Next up is the Processing House, where you’ll be shown the worker’s quarters; 15 are needed to harvest the crop for the most part from August through October, though smaller quantities can be harvested at other times. While sitting cross-legged on the processing floor, surrounded by an impressive array of tools like peelers, small choppers, a brass rubbing rod (to facilitate peeling) and a few other curious looking tools, you will be able to try your hand at each in turn and learn how to rub, peel and strip the most wonderful smelling sticks. Rubbing the sticks with the brass rod is the easiest job but, for a challenge, try peeling and stripping; it’s quite a different story. You will feel like a gorilla sharpening toothpicks with a meat cleaver, compared to the highly skilled workers.

Besides learning about cinnamon husbandry, your senses are also delighted by the other trees, bird noises and a multitude of animals in this rich forested area, such as the Honey Butterfly, gracefully gliding here and there, and the occasional Hibiscus flowers that glow a brilliant red, and are great for stabilising blood pressure. The place is full of natural wonders like the stately peacock, browsing amongst the rows, nodding its head and occasionally issuing forth its unmistakeable strangulated two-tone screech, as it explores the undergrowth, and the brilliant chameleon strutting slowly from side to side, like a henchman, across the road and up a tree, donning a vibrant green skin with blots of red that blends it in with the leaves.

The Cinnamon Museum has intricate metal sculptures and old tools on view and one elaborate machine with belts, cogs, and rotors is particularly arresting to see; however, it is simply for hollowing out coconuts. Upstairs you find the plantation’s chief protector, the mythical Cinnamologus, ready to pounce and envelope any trespassers within its metal wings. The tour ends with a cinnamon rice and curry lunch washed down with a glass of cinnamon flavoured juice to bring the tour to a delicious end or you can stay a night or two there if you don’t mind the Cinnamologus for company. Or book the bungalow at the top with a gorgeous view of the plantation to cap the most magnificent Mirissa Hills experience.

Mirissa Hills majestic accommodation was designed by one of the islands top architects Anjalendran, who followed the fire flys to decide on where the main house should be built. He works alone on his designs but liaises closely with the building teams to bring them to life. He is a great believer in ‘holistic architecture’ being integral to every aspect of the design, including the landscaping, the furniture and even the decorations with an art collection, from the very beginning to the final handover. This spirited genius of modern times, imbues his designs with simple directness and an appreciation of the rich traditions specific to Sri Lanka. “I build around trees as I believe in functionality; a tree provides natural air-conditioning. It does’nt guzzle energy and also adds great and unique character to a design.” Anjalendran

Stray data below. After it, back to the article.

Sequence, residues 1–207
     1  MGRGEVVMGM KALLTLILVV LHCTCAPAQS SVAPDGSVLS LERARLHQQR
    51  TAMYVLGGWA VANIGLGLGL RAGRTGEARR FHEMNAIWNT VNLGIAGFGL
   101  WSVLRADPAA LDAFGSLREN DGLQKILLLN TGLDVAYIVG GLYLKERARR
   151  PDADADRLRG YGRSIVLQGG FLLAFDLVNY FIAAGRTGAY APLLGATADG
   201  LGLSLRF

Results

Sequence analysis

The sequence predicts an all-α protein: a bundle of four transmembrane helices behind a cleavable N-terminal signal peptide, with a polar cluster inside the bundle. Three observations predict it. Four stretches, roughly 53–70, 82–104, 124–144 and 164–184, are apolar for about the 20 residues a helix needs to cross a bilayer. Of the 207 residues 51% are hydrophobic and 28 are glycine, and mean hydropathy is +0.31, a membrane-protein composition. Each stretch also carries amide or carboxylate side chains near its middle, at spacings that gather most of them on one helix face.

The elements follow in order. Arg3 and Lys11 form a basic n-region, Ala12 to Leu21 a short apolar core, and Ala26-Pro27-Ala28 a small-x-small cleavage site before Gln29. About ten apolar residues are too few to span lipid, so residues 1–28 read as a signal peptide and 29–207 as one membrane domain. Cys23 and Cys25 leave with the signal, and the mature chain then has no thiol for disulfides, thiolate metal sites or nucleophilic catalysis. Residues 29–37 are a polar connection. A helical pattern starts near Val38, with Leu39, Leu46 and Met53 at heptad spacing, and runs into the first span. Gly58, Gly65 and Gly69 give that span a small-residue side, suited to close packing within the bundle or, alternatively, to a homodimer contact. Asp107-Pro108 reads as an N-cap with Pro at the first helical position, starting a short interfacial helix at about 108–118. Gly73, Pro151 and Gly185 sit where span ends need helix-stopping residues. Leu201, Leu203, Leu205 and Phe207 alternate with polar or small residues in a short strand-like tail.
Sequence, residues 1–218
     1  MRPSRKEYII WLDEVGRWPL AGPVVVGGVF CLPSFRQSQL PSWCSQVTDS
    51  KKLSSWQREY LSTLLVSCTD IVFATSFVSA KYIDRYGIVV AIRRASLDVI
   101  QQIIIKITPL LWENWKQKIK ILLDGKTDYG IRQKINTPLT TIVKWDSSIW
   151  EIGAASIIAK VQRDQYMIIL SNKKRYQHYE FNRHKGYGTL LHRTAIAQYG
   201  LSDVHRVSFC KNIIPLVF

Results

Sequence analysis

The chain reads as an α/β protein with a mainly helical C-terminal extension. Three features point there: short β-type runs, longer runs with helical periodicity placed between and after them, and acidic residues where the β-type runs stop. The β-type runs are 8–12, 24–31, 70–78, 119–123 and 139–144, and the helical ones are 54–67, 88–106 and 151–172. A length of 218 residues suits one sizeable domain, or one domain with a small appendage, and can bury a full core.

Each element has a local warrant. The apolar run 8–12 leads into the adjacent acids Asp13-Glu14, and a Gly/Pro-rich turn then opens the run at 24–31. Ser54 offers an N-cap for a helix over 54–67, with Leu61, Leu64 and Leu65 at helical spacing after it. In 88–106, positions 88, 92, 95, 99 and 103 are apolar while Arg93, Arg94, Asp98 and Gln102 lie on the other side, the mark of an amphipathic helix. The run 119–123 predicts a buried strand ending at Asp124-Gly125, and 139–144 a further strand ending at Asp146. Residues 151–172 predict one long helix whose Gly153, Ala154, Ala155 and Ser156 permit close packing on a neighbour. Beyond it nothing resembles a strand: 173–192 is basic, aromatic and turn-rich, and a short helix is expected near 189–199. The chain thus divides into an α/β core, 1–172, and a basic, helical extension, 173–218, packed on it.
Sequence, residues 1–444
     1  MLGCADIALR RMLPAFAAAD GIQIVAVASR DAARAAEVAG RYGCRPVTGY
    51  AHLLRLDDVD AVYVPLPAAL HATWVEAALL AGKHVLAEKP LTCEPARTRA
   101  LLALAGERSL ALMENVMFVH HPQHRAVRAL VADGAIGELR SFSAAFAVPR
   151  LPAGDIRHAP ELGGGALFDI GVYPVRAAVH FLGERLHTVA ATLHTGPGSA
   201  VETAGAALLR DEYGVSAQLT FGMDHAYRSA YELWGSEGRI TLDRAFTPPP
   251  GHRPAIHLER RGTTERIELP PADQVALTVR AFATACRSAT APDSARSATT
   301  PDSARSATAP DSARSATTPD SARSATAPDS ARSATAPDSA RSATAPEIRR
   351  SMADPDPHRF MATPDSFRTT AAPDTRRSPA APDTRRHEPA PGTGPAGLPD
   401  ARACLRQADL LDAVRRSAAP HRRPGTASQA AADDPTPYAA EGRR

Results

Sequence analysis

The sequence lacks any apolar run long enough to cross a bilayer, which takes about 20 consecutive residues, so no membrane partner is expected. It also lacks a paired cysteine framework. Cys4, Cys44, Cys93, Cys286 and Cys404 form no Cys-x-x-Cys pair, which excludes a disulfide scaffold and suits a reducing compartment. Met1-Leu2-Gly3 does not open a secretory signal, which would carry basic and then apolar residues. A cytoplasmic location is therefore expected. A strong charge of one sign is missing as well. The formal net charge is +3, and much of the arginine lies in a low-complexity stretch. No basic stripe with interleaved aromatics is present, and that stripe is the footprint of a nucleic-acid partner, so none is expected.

Then, to complete your natural cultural education, you absolutely must do the Handunagoda white tea tour with Herman Guneratne, the enigmatic planter extraordinaire, with not just one dark horse, but many at his beck and call. He will walk and talk you through the most unique White Tea plantation in the world; a tea uniquely produced and the talk of Mariage Frères in Paris, just one of the worlds top tea shops offering it to their extremely discerning customers. What’s the secret? Find out from Herman who includes in your stay at Mrissa Hills a wonderful curated tour which includes how he made the islands most sort after tea with 98 year old virgins, Chinese emperors and white gloves, to give you an idea are all part of this epic story. Don’t miss his tea tasting experience at the end where you will get to taste around 50 teas in an ingenious way in a beautifully decked out museum shop focusing on the human story of tea. Also a creator of best selling books his firm favourite to accompany them is his Suicide Club tea, which is named after his epic and highly amusing book about his ‘riches to rags to riches’ story from wealthy plantation owner’s nephew, to tea plucker, to highly esteemed manager of the greatest Sri Lankan plantations. You will also get to see his other books, not least of which ‘God’s Secret Agent & the Battle Against The Dark Forces’ will show you the wild and dark side of Sri Lanka, almost unknown to the outside world of curses. This is a truly an extraordinary tour with an even more extraordinary man.